Lassen Volcanic National Park
Lassen Volcanic is a hidden gem among the US National Park system. I say this because unlike places like Yosemite, Yellowstone, and Glacier, you can experience relatively mild crowds all year round in comparison.
During the winter Lassen Peak Highway 89 that runs north to south through the park is closed, and this was the case during our visit. Even though my visit was in the middle of June, because of the area’s record snowpack in 2019, the park still hadn’t had the opportunity to completely clear the road. That was a little annoying because we had to drive out to Redding and back just to reach the north side of the park, but I think the lack of crowds made it worth it.
Either way many of the best things to see in the park are actually right along the Highway 89 drive for pullover destinations like Lake Hellen and the short walk to Bumpass Hell. However, if you have the time there is some great hiking that I would highly recommend.
What could have been a pretty normal hike was actually made much harder on us because of the record snow. Instead of following the normal trail, the first half of it we were forced to put on crampons and gaiters and make our way straight up the snow slope that is normally used for skiing because the trail was essentially non-existent in the middle of June. Hopefully this is not your situation because the hike is only 4.4 mile round trip, and roughly 2,000 feet of elevation gain from the parking lot. If that sounds bad, trust me it’s pretty mild with the switchbacks compared to straight up a snow covered ski slope when you don’t know where the trail is!
Overall, this short hike is absolutely stunning! For sunrise I started at roughly 2:40 in the morning to make it up for a 5:30 sunrise because I didn’t know how hard the snow conditions were going to be. Sunrise is a great way to do Lassen Peak, one because likely you’ll be the only one hiking, and two there is almost no shade on the whole trail. At the top you’ll get great views of the rest of the park as well as Mount Shasta.
Cinder Cone & Painted Dunes
If you have more time on your trip making the drive out to Butte Lake is absolutely worth it. There is a short but steep Cinder Cone trail that I would also recommend for another sunrise hike. And when I say steep mean really STEEP! This is why I say go when it’s cool out. From the top you’ll get the best views of the Painted Dunes which is the photo posted above.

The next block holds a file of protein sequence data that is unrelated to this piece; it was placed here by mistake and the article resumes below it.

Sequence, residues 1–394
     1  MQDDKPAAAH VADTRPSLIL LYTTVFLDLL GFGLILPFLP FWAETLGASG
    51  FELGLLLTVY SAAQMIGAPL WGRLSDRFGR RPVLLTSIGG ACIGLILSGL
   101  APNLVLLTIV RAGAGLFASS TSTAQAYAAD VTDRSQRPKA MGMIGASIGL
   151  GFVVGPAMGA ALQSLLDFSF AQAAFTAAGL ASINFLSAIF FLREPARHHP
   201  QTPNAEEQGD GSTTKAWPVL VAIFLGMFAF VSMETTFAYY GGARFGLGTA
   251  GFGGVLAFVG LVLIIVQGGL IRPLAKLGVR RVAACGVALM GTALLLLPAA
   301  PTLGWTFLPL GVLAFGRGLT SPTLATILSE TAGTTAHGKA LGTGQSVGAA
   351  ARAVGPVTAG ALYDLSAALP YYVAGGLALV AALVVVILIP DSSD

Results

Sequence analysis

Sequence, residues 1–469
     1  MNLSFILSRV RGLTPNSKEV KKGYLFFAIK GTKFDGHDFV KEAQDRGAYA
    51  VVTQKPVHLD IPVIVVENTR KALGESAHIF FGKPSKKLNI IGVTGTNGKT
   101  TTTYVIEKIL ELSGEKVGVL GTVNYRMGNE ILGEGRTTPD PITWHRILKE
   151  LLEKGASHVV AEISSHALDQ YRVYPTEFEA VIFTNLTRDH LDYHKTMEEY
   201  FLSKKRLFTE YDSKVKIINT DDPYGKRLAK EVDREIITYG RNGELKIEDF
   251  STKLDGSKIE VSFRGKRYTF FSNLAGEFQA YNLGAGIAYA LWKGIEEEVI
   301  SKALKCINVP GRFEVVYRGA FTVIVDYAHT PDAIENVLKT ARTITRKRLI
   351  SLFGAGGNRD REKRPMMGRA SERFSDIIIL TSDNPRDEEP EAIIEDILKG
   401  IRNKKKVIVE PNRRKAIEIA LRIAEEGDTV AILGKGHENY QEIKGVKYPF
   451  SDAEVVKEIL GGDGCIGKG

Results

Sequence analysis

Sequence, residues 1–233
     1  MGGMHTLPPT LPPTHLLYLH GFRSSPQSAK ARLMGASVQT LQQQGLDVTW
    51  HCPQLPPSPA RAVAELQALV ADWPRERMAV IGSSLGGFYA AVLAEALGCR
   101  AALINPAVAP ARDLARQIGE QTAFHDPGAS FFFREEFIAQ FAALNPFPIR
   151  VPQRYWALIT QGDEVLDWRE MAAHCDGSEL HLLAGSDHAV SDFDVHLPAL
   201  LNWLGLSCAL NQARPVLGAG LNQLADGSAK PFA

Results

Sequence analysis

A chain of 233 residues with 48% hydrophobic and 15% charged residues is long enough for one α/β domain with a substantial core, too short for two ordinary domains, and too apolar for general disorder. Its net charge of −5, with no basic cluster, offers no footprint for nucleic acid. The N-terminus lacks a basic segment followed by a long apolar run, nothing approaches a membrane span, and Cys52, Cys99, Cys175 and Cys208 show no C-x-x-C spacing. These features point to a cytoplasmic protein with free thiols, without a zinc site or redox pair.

Just to the top of the cinder cone is only 1.7 miles which is mostly flat until you reach the base of the cone. When you get to the cone there is actually two trails leading up. The obvious one that you will see first after hiking in from the parking lot, and then one on the back toward the Painted Dunes. Absolutely DON’T go up the back way! If you think the main one looks steep the back is much shorter and even steeper! However, it does make for a nice hike down and around the whole cone once you’ve already made it to the top. The total length of this hike can be variable depending if you decide to hike into the cone (which is allowed), but overall it isn’t terribly long.
The one thing I can stress about safety is be careful if you’re hiking in the late season with snow like us. In many of the spots it wasn’t snow but actually ice which made it extremely dangerous to get back down. I took about 30 minutes alone on the last slope before the car! This is also bear country which means if you’re planning on hiking carry bear spray. All being said, this blog is for information purposes only and I ACCEPT NO RESPONSIBILITY FOR ANY INJURY, LOST INDIVIDUALS, OR LEGAL TROUBLE ENCOUNTERED WHILE FOLLOWING THE INFORMATION POSTED HERE.
My last note is don’t throw anything into the Sulfur Works. If you don’t know what that is, you will when you visit, and it’s extremely disrespectful when people put trash in such a beautiful natural feature. As this should be common sense with leaving trash anywhere you go.
As always find the most up to date information and conditions on the official National Park website.